Another local sailor, Nigel Passmore finished 4th overall with his previous yacht, a TP52, Apollo. He is back to win the race this time round with Apollo 3, a J/133. Most of his crew are from Plymouth. Stuart Jenkins’ traditional Bristol Pilot Cutter, Morwenna will experience what it must have been like for the first ever competitors in the 1920s. But for the crew of Morwenna, a direct descendant of the Bristol Channel Pilot Cutters and similar to the first ever Fastnet winner in 1925, Jolie Brise, the race is sure to be an adventure to remember.
SUTTON HARBOUR MARINA
Sutton Harbour are the official berth provider for the race and it is sure to be a spectacular sight with the flags flying from so many nations and the buzz of sailors who have just finished such an epic race. To cater for the increased number of entrants this year, Sutton Harbour Marina in Plymouth has made the complete berthing area adjacent to West Pier and the city’s historic Barbican area available to the Rolex Fastnet Fleet.
The Rolex Fastnet Race Village will welcome everyone and visitors are encouraged to come down to the Village sited near to Mayflower Steps to watch daily prizegivings taking place at midday on the main stage, video played out on the screen and to meet and greet sailors from around the world, as well as those closer to home. Famous yachtsman will mix and mingle with ‘corinthian’ sailors whose crew is made up of friends and families – all taking part for different reasons, but mostly to achieve this very special sailing goal.
BACK TO DEFEND
Record holders such as Mike Slade’s 100ft ICAP Leopard, who were the first yacht to arrive in both the 2007 and 2009 Rolex Fastnet Race, completing the course in a record time of 1 day 20 hours 18 minutes, will back again this year. They will have a battle to the finish with another super-sized 100ft yacht, George David’s Rambler 100 from America. Also,
the overall winner, Niklas Zennstrom’s , JV72 Ránwill be taking part and trying to defend her trophy.
RACE WEBSITE + TRACKING
There are several ways to feel part of the action this year and to follow the fleet as they make their way to Plymouth. One of the best is watching the news, stories and images sent from boats at sea on the race website:http://fastnet.rorc.org/ Here you will find blogs from the sailors, news reports and can also follow the progress of the fleet via the Tracking page as each yacht is fitted with a GPS tracking device which regularly updates a yachts position on the race course. Fans can also join the Facebook page Facebook.com/royaloceanracingclub and Twitter.
FASTNET RADIO 87.9FM
For the first time, there will also be Fastnet Radio to listen to. Broadcasting on 87.9FM, there’s full coverage for a flavour of the race and an update on the progress of arrivals. Listen to Fastnet Radio 87.9FM for interviews with winners and competitors as they arrive in Plymouth. Their presenters will also be live from the docks with all the breaking race news, features, and link-ups with race teams out on the course.
FASTNET RADIO ONLINE: Beginning with live commentary from the Cowes startline on Sunday, 14 August, Fastnet Radio will be broadcast 24 hours a day in Plymouth and online (see
http://fastnet.rorc.org and www.fastnetradio.co.uk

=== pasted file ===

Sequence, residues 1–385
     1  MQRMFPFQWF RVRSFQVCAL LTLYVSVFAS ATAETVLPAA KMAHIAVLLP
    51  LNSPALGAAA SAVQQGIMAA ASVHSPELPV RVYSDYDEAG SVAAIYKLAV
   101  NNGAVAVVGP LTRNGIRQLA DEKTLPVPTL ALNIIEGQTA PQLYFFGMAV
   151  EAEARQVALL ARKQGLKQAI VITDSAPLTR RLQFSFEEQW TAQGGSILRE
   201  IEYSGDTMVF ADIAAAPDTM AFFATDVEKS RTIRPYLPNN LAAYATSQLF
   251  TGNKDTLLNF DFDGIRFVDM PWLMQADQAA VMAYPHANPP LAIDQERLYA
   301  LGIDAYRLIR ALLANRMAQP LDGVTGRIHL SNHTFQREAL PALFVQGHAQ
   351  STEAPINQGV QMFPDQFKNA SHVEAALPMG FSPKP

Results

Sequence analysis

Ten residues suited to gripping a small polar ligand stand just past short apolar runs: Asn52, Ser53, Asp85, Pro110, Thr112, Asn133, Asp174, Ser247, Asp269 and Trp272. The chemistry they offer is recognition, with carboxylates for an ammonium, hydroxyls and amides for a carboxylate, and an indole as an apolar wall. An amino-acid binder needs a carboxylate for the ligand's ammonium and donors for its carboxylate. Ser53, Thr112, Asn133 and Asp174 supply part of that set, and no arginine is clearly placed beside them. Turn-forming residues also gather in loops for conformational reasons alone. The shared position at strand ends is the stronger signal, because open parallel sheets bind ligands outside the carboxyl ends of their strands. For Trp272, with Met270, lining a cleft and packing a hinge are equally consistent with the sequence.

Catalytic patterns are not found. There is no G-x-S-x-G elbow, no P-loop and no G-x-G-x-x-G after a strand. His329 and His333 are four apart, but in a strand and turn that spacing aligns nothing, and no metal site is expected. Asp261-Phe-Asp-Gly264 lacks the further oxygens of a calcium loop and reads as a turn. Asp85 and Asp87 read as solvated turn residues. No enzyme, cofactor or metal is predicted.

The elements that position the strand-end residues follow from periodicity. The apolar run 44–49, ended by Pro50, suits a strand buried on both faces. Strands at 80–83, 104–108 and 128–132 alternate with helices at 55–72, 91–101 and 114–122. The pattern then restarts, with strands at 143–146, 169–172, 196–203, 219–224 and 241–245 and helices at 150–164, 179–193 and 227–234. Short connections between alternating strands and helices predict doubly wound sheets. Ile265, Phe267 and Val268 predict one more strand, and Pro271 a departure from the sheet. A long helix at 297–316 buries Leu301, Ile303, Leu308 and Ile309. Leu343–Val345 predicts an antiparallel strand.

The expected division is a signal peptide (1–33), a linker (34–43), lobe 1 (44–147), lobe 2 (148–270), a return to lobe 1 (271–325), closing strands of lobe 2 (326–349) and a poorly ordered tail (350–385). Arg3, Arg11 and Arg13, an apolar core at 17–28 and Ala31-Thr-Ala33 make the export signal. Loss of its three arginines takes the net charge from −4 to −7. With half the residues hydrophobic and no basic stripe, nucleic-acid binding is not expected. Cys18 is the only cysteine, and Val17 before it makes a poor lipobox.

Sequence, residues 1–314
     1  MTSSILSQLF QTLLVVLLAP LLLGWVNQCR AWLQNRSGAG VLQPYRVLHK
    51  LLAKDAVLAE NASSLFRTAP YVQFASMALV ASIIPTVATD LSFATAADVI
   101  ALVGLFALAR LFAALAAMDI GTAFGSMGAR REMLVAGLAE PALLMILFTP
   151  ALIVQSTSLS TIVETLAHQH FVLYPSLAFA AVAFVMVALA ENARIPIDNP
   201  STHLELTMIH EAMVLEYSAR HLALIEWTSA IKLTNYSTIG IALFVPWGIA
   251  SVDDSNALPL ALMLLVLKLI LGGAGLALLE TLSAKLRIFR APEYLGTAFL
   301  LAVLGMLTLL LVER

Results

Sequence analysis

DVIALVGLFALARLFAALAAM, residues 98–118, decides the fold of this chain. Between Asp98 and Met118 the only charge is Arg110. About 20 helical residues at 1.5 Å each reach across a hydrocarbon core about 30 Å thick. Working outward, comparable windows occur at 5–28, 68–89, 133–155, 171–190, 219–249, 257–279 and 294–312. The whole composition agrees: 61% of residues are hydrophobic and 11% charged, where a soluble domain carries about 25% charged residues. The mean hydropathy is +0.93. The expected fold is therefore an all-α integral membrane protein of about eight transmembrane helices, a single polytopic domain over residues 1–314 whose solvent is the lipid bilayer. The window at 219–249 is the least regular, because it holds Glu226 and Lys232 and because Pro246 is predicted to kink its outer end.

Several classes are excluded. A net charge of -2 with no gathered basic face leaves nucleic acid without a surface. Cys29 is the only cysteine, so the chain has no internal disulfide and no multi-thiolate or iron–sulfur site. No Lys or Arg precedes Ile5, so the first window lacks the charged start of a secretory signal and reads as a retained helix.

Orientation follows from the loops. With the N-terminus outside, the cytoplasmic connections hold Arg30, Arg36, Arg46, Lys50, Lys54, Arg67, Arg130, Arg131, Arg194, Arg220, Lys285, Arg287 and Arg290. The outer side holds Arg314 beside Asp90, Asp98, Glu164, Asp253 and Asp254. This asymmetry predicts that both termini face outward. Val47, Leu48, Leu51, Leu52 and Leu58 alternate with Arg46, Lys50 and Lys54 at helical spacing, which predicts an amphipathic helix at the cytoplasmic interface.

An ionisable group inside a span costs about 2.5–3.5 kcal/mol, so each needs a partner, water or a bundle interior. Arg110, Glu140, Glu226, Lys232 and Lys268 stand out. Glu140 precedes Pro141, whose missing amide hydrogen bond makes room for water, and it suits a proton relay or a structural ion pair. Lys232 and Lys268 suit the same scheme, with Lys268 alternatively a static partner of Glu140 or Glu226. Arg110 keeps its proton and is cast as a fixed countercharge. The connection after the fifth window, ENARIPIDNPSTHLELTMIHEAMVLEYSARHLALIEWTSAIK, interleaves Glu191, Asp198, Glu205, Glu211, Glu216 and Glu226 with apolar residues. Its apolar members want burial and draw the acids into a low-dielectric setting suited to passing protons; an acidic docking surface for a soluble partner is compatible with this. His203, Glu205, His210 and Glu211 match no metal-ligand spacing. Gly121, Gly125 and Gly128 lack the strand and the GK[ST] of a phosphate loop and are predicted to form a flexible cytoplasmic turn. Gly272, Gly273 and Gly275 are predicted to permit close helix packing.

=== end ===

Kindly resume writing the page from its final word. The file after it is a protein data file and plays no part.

WHERE TO WATCH
A truly spectacular fleet of yachts and their sea-weary crews will gather in Plymouth as they complete the Rolex Fastnet Race. After crossing the Irish Sea, the yachts will reach their finish line from the west as they arrive in Plymouth Sound so watch out for the winners from Plymouth Hoe. The majority of the fleet will moor up in a special competitors’ village at Sutton Harbour Marina in The Barbican. Visitors can see the huge variety of racing boats which have completed the course on additional pontoons created to accommodate the giant fleet.
Armchair enthusiasts can negotiate the 608-mile course from the safety of their living room by playing the Virtual Fastnet Game. Choose your yacht name, plan your strategy and see how you fare against a huge fleet. The last edition of the race attracted an incredible 27,000 virtual entries, with the winner completing the course in an impressive three days and 18 hours. Course weather forecasts will be updated twice daily at 0700 and 1900 so be warned: this game is very addictive! To start the game, visit:
NOTES TO EDITORS:
Trish Jenkins, Event Press Officer
Mb: 07880 518689
Photo Credits: Rolex Fastnet Race
The Rolex Fastnet Race is organised by the Royal Ocean Racing Club (RORC) in
association with the Royal Western Yacht Club and the Royal Yacht Squadron and
has been sponsored by Rolex SA of Geneva since 2001.
First sailed in 1925 and run biennially since the early 1930s, the 608-mile Rolex Fastnet Race has captured the imagination of sailors the world over. It was one of the first true tests of offshore sailing skill and to win this race is an ambition of every racing sailor.
The course starts from the Royal Yacht Squadron at Cowes, races out of the Solent down the English Channel to Land’s End and across the often tempestuous Celtic Sea to the Fastnet Rock, before returning on a reciprocal course to the finish off Plymouth.
Rolex Fastnet Race 2011 –
SUTTON HARBOUR MARINA
The Marina is owned by the Sutton Harbour Group, which is the official berth provider for the Rolex Fastnet Race and is an Official Supporter:
Pantaenius Yacht Insurance
Pantaenius sponsor the Pantaenius Buoy and the Crew Bar in Plymouth
FACTS & STATS:
· A record fleet of 350 yachts have entered the 2011 Rolex Fastnet Race
(Previous record ’79 – 303 boats)
· This is the 44th edition of the Fastnet Race
· The ‘professional’ and Non-IRC classes: Volvo Open 70s, IMOCA 60s, Class 40s and Multihulls have been counted above the initial cut-off mark of 300
· The race started in 1925 with just 7 boats!
· 608 nautical mile non-stop race
· 19 nations represented
· 1 day, 20 hours, 18 minutes is the current monohull course record to beat set by ICAP Leopard (GBR) in 2007
· The largest boat is the 140ft trimaran – Maxi Banque Populaire (FRA)
· 2 giant 100ft yachts go head to head – Rambler 100 (USA),
ICAP Leopard (GBR)
· Smallest boat in the fleet just 30ft – Bernie Bingham’s Rogers 30,
· 34 boats sailing with only 2 crew
· Yacht range from 30ft to 140ft
· 10 classes in total
· First start 1100, RYS line, Cowes, Isle of Wight, UK
· Listen on the day of the start: Fastnet Radio 87.7FM
· Facebook.com/royaloceanracingclub + Twitter
· The main trophy for overall victory is the Fastnet Challenge Cup. In addition, there are more than 30 additional trophies
· Next Edition of the Rolex Fastnet Race: 11th August, 2013
· The Rolex Fastnet Race is organised by the Royal Ocean Racing Club (RORC) in association with the Royal Western Yacht Club and the Royal Yacht Squadron and has been sponsored by Rolex SA of Geneva since 2001.
For More Information visit fastnet.rorc.org